At the end of the last post I wrote that we need to recover ‘the story beyond the text’. In writing that I am suggesting that there are diverse ways of approaching Scripture. One way would be to view the various texts as somehow dropping out of the sky in a timeless fashion, for surely the Bible is inspired in such a way that each and every text is ‘the word of God’. That would seem to be a way in which we were respecting the authority of the book we consider is our sacred Scriptures. Not my approach.
Story. It seems hard to get away from that. The books of Moses – the ‘law’ – do have some ‘do this / do not do this’ that could be classified as giving us (actually them not us) a set of laws, but the majority of the first five books (the law) are in the form of narratives recounting what took place – story. So much historical reflection in the other books… not a ‘Thus saith the Lord’ without a historical context. The Gospels – narrative. Yes there is teaching and instruction within them but all four essentially present us with ‘Jesus did this, he said this in this setting’ and so on right through to an account of the last days of his life; far more narrative than a set of teachings. Acts – story. The letters – most are in response to ‘in this setting and time with what they are facing I will write this to them’… historical context (so for example even the BIG doctrinal letter of Romans instructing us to pay our taxes is not a simple instruction, but is written into the context of Rome and street protests that were about to erupt over, within months, the taxation situation). Revelation – a context of observing Rome’s policies and values with a wonderful intersection then of earthly observation and apocalyptic vision that interprets and explains what was visible to one and all.
Story is what makes up the majority of our book.
And cos there is story we don’t have to defend all of it as ‘this is literal’. Maybe Jonah was a historical character, probably not though… and probably not even if Jesus thought he was (though I don’t think Jesus thought he was). Certainly I see no reason to suggest an ‘Adam and Eve’ in the sense of six / seven day creation and happened in this way (literally). What I think we need to think about is not the literalistic nature or not but more what would be the story being told. The story of creation would certainly adjust many eschatologies… the ‘first word’ and the ‘last word’ should surely be better aligned than ‘everything will burn up’. Probably the seven days resonate with the seven days of preparation for the Temple before it was filled with the glory of God. Somehow that would align those ancient stories more with the stories of the day from other cultures (and totally transcend them all) and give us (as Christians) a major connection between Genesis 1 and 2 with our comments on Revelation 21, with the whole of creation as a Temple. I think the only burning up in the end will be the various iterations of the ‘left Behind’ type of literature!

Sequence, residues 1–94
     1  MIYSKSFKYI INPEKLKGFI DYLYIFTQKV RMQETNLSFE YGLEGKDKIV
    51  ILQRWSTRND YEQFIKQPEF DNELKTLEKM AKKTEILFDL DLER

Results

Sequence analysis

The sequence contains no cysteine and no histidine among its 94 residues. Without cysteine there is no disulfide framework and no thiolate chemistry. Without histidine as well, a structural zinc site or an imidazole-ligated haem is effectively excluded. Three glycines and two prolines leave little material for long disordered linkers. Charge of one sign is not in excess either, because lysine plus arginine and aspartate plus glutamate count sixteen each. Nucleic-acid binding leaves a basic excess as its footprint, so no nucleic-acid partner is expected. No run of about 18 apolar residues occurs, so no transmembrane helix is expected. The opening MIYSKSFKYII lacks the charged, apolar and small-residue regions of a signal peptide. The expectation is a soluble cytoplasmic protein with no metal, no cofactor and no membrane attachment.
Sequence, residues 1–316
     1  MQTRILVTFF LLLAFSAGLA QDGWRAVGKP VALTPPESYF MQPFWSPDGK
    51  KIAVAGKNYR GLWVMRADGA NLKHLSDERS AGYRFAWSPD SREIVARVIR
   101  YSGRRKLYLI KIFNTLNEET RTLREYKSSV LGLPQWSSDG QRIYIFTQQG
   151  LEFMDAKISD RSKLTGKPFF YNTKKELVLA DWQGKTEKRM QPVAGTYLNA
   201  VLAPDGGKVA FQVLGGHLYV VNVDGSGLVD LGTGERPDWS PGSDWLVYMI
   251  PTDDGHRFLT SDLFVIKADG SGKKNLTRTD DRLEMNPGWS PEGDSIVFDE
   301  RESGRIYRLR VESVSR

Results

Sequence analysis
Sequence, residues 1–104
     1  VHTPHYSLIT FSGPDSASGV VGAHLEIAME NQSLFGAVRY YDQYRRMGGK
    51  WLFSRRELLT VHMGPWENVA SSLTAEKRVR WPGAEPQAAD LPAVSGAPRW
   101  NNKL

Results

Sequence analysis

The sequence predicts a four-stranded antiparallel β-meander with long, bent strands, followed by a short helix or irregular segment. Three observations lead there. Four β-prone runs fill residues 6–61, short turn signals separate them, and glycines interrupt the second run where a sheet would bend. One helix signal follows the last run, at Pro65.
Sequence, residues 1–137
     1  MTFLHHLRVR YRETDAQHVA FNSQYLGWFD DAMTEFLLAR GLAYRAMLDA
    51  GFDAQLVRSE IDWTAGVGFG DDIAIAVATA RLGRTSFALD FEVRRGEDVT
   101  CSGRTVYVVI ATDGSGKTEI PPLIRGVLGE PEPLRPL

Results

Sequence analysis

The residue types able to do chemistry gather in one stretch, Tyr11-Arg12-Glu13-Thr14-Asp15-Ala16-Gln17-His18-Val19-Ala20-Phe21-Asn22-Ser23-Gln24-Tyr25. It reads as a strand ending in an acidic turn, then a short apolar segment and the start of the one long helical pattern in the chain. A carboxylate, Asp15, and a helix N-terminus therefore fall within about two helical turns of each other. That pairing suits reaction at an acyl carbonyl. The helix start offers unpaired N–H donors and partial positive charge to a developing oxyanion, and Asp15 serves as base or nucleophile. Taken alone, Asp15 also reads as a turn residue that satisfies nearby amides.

Story is so challenging. What if – hold on to your seat belt – Paul planted ekklesiai in each place as he knew that was essential, essential as the first phase of his activity, but that once he had done that maybe there would be a second phase, one that we do not read of in Scripture? We might try and copy phase 1 with our claims of being a biblical church because we read what was done, but fail to understand the why of what he was doing?
Story… and an uncompleted story. I am not suggesting we can continue to write the Bible… but we can and must continue to tell the same story, but it would seem to me that we are not in the same ‘chapter’ of where the Bible brings the story up to. If we do something different that tells a story that is incompatible with what has gone before we will prove to be truly unbiblical; likewise if we simply line up texts and align to them without consideration to the story it will also result in us being unbiblical.
So much could be said about the levels of story that are in our Scriptures – the detailed explanations as to why David (and Solomon) were God’s choices in the earlier historical books of Samuel but once we come to Chronicles no need to ascertain that (abnormal) choice of David and Solomon was from God as those nasty northern kingdoms have gone and only the faithful to David remain, would be one example.
And conflicts within Scripture – now we come to another area of great richness. Take the ‘wisdom books’. Proverbs is clear, there are no exceptions. Job… in some ways an exception… then Ecclesiastes, with the only human who has value is a dead one! Three contributions that we wrestle with so that we come to a level of wisdom that one monolithic approach would not help us get there. Life is complex and the intra-canonical dialogue (probably disagreement) serves us well.
Story, and with the interpretive centre being in the story of Jesus for God has spoken in ‘the Son in these last days’ in a defining way. The Jesus story – now that transforms the whole story.